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The Wonder Island Boys: Exploring the Island By Roger Thompson Finlay Characters: 18764

Updated: 2017-12-06 00:03

They returned to their home with conflicting emotions. It had been an eventful day. They had a glimpse of the outside world, and an experience below the surface of the earth. Both were unsatisfying. They could explain the one far away on the sea; but the other, close at hand, was a mystery.

"How do you account for the water being so far away from the mouth of the cave?" was George's inquiry after the evening meal.

"Haven't you noticed that we have had no rain for the past five weeks?"

Such was, indeed, the case. The boys had not been observant, like the Professor.

"Evidently the water is supplied from rains, and the floor of the cave permits more or less of the water to leak through, so that, in time, if we had no rains, the cave would be entirely free of water."

"But how about the animal in there; if it is a water animal, how did it get in; and if the water ever dries up, how can it live there?"

"There may not be any subterranean connection directly with the sea, and the animal has been trapped there; or it may be able to reach the sea in the cave at any time, by some underground channel."

"How far do you think the cave goes in?"

"That is one of the impossible things to say. It may extend for miles. Like yourselves, I am curious to know all about it, as soon as we can make further investigations. In the meantime, don't forget about the flag."

"I had forgotten that. I am willing to start on it in the morning. How large should it be made?"

"We should make it a regulation flag, by all means."

"Let me see; how many stripes must we have?" said Harry.

"I know; thirteen."

"Yes; and they must be red and white."

"That is correct," responded the Professor; "but do you remember how many of each?"

The boys were silent.

"The top and the bottom stripes are red, and the intervening ones white. What do these stripes represent?"

"The original States."

"I see you have a pretty good recollection. I remember a class of over forty boys, on one occasion, which had only three boys who recalled that. Then we must have a field of another color, up in the corner."

"That is the blue field, with stars on it."

"Yes; but how many stars?"

"A star for each State."

"And how many States are there now?"

There was no response to this. How many boys or men, even, can tell offhand the number at the present time?

"There were 48 before we sailed. How many, if any, were added since I do not know."

The next day the boys were anxious to set to work on the flag. There was plenty of the ramie cloth at hand, but it was quite yellow. George noticed this, and said: "It seems to me we shall have to be content with making the flag red, yellow and blue, that is, if we can get the red and the blue."

"No," was the Professor's rejoinder; "we must make it red, white and blue."

"But how can we make the ramie cloth white?"

"By bleaching it."

That was a new idea; to make white cloth.

"How can we do it?"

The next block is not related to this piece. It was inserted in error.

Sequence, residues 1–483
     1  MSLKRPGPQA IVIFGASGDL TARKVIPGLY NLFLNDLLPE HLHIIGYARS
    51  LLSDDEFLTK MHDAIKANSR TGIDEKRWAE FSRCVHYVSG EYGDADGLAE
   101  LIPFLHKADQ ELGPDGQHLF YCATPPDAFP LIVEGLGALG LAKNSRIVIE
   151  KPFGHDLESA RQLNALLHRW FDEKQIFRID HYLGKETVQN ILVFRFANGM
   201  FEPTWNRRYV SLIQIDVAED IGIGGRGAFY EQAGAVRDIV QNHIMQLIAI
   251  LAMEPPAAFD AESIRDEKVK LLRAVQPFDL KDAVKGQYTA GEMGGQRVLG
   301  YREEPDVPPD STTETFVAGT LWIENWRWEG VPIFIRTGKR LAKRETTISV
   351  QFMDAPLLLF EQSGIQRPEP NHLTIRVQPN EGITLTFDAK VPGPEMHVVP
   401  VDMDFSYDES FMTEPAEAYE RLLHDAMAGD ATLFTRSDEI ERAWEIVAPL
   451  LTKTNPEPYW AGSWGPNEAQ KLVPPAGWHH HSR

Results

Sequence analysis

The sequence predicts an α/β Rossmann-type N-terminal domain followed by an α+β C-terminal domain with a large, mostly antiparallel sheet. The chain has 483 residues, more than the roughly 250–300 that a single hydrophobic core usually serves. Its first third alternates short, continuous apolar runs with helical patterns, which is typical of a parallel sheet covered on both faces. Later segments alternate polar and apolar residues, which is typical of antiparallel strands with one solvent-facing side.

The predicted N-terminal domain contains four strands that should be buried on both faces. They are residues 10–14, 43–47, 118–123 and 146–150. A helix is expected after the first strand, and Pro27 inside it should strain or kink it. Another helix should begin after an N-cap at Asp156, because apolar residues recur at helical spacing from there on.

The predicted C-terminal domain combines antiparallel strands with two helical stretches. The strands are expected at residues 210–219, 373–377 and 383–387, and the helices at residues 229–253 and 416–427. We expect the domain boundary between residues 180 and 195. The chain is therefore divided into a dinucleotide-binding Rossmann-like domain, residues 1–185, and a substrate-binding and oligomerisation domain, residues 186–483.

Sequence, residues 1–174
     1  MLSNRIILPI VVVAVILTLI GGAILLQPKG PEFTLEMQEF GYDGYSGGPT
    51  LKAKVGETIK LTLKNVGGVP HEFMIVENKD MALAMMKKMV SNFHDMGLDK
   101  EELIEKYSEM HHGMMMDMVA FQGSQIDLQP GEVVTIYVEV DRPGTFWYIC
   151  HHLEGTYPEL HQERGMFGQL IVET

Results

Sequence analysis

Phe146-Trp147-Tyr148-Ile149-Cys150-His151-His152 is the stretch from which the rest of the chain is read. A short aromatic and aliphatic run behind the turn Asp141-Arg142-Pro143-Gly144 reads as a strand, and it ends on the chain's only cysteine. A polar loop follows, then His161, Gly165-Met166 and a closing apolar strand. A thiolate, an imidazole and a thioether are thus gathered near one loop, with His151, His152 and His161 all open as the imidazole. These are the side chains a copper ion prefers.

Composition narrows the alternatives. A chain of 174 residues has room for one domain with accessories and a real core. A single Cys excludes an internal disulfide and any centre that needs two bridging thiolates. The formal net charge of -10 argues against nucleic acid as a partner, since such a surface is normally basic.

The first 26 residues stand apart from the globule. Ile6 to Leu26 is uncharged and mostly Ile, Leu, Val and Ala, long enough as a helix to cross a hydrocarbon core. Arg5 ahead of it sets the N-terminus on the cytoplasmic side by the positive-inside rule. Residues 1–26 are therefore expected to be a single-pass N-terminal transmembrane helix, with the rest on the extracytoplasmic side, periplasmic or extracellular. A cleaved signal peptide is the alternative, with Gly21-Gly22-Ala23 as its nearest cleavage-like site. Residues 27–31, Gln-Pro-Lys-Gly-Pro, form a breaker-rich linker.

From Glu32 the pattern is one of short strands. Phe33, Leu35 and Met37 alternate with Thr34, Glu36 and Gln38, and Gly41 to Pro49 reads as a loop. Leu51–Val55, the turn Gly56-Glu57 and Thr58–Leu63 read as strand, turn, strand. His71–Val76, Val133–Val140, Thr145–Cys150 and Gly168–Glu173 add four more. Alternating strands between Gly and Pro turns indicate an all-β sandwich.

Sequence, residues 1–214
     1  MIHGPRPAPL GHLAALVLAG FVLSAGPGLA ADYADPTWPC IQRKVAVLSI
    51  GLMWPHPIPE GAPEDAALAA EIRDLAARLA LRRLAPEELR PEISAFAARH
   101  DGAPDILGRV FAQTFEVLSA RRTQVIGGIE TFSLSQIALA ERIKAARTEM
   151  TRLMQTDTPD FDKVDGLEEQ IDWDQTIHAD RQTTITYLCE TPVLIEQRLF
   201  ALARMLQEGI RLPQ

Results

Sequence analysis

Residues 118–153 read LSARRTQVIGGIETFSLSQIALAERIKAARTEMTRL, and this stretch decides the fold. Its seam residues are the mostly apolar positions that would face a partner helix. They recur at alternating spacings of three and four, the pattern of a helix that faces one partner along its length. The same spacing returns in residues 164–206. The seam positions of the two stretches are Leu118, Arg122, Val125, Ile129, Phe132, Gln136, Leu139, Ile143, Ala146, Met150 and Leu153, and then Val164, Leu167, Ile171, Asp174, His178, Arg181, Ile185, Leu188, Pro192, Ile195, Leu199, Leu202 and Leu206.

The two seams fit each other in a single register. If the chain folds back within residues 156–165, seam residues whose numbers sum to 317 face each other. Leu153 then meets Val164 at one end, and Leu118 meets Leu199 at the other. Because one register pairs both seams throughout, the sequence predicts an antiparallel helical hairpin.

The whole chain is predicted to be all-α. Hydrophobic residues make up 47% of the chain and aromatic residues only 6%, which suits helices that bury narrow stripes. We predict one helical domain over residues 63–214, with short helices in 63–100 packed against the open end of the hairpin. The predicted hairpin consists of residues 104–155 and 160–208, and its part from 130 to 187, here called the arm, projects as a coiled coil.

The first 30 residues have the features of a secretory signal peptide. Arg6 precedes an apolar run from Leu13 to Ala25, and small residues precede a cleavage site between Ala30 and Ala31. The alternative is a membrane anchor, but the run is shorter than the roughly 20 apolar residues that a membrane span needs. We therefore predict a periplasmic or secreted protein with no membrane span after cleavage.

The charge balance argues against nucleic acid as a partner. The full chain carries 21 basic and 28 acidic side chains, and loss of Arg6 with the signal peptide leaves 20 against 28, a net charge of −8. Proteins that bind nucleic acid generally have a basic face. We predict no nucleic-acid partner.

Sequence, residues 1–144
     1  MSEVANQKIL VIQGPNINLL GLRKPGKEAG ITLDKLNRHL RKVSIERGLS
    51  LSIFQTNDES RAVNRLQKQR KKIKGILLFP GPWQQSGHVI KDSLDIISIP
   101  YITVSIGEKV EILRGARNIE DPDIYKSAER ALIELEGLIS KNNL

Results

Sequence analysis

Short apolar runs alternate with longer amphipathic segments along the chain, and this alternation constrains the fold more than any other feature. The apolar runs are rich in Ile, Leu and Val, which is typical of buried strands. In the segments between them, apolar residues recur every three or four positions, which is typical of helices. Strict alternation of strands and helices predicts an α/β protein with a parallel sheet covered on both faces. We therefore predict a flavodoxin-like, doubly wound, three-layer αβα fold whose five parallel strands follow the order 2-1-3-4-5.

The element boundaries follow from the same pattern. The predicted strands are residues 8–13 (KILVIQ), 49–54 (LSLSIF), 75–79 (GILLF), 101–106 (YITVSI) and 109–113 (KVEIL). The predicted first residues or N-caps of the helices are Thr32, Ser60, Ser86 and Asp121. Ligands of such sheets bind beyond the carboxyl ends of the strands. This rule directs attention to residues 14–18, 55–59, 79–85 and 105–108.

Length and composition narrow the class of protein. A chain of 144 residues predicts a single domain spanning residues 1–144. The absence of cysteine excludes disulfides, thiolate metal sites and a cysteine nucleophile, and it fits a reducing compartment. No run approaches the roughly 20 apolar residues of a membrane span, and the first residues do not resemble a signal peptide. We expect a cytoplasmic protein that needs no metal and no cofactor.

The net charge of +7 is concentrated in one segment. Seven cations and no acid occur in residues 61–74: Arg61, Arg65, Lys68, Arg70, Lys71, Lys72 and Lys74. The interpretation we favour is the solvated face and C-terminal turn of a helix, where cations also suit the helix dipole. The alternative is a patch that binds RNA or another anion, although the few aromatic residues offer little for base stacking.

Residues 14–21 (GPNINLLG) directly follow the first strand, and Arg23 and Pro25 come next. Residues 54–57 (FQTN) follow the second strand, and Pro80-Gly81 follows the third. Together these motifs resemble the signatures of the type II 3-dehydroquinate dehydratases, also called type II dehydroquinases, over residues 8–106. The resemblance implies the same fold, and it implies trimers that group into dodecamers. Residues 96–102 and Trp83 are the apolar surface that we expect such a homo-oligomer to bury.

"Wet it and put it in the sun. If we want to hurry it up we can use some chloride of lime."

"But where is the chloride of lime?"

"Do you remember that black ore we have in the laboratory, which is called manganese? If we put some of the sulphuric acid on that a gas will be formed, called chlorine, one of the most powerful bleaching compounds known. We can use it in that form, or subject some of our lime to the gases, and in that case make chloride of lime."

The decision was to make the flag sixteen feet long and nine feet nine inches wide, so that each stripe would be nine inches wide. The blue field would be five feet wide and seven feet long.

This was certainly a task, and the boys were directed to prepare four strips of red and three strips of white, each nine feet long, and also three strips of white and three strips of red sixteen feet long. Four of the short strips and three of the long strips were then laid aside to be dyed red. The other strips were put out to bleach.

When all this was prepared George was troubled about the colors.

"Professor, I do not see what we can use to make the blue and red colors."

"I think we are fortunate in having one of the varieties of the madder plant all about here."

"Is that a good dye plant?"

"It is a plant that is more extensively used for dyeing than any other in the world. For many years, until the products from petroleum began to come in, it was the only source for the red colors, because of its permanence. The dye is so powerful that it will turn the bones of animals red, if they are fed on it, and it also colors the claws and beaks of birds."

"Have you seen any of it here?"

"There is plenty of it growing here. You cannot mistake it. It is the plant with the elongated, smooth-edged leaf, which grows on the main stem, from which the small, thin stems branch out that carry the little red flowers."

"I know what you mean; let me get some of them at once." And George was off after the plant.

Meanwhile Harry was busily at work cutting out the double set of stars required for the blue field.

Several days before this George had prepared the roots of the chicory plant, as will be remembered, and it had been dried, and was ready to be ground up. At the noon meal he served the first cup of "coffee," to the delight of Harry, who was completely taken by surprise, and afforded much amusement for George and the Professor.

"It seems to be rather strong," was Harry's only comment, "and even if it isn't real coffee, it is good enough, I assure you."

"Wouldn't it be injurious to take too much of it?"

* * *

Fig. 33. Betel Nut.

* * *

"Exactly with this as with everything else. It is not the use, but the abuse, that causes trouble. Of course, chicory does not have the soothing and hunger-staying qualities of the real coffee, but the bitter principle in the root is a tonic, and the extract is used as a medicine for that purpose. The leaves of the endive, of which we are using the roots, make a most delicious salad."

"Don't many people use this as a kind of an intoxicant?"

"If used to excess it has an exhilarating influence, on account of its tonic properties."